It gets worse. This one says the quiet part out loud: “Ability to influence others without direct authority to achieve solutions.” There it is in black and white. Your job is to make change, but you will not have the power to do it. A variation: “Experience working with and influencing leadership teams.” Translation: Our executives are not on board. And that will be your problem. Again, you’ll have no power, only whatever “influence” you are able to somehow manufacture for yourself. Do these companies want a D&I lead or a racist whisperer?
One more: “Ability to thrive in an environment of ambiguity and change.” Translation: We don’t have a vision and are highly disorganized. We cannot give you clear expectations or goals. We will not change this. Your job will be to take on the stress of our dysfunction. If that’s a problem, perhaps we can interest you in complimentary mental health leave?
What companies are NOT looking for: Anyone outside the corporate hothouse of expensive business schools and insider hiring networks. There’s no recognition that this whole entrenched apparatus of prestige-granting — the one we demand candidates conform to — is itself the problem.
Yes, some level of business acumen is important to achieve D&I change. But you can’t solve a problem with the same thinking that created it. In the words of Audre Lorde, “The master’s tools will never dismantle the master’s house.”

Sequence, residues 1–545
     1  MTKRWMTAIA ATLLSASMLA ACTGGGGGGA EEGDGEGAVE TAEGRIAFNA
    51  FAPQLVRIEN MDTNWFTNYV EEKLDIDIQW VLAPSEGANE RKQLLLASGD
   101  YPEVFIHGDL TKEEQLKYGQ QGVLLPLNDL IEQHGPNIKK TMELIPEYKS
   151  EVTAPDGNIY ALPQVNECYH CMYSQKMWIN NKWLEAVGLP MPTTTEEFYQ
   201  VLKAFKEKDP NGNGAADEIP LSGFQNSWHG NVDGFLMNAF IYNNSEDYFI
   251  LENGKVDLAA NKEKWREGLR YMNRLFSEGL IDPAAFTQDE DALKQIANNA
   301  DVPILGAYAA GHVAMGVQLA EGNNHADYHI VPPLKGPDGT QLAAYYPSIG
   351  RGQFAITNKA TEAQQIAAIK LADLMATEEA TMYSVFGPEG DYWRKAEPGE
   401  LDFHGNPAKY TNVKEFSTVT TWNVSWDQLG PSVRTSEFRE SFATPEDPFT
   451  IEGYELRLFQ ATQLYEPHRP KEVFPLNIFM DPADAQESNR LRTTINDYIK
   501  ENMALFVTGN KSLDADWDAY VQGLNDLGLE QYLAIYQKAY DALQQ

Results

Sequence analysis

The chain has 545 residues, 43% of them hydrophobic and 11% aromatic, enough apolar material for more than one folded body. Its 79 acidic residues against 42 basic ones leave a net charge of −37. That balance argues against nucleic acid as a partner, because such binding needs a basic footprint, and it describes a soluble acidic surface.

Eager, qualified job seekers from the public sector looking to transition into the private sector are excluded from D&I roles that ignore their qualifications in favor of skills that protect the status quo. Candidates who don’t come packaged in a traditional corporate form are overlooked. But what we need is not a weird HR robot talking about “dynamic touchpoints” and “agile change management,” but someone who lives and breathes the values of empathy and service.
Let’s look at non-traditional candidates — community organizers, social workers, and teachers. People with experience in the social justice, non-profit, political, and education sectors. People comfortable with discomfort and with a record of facilitating community conversations. And, by the way, you don’t need to be a Diversity Grinch to know that what companies most need right now are soft skills like collaboration, creativity, and emotional intelligence and that non-traditional candidates give you a competitive edge.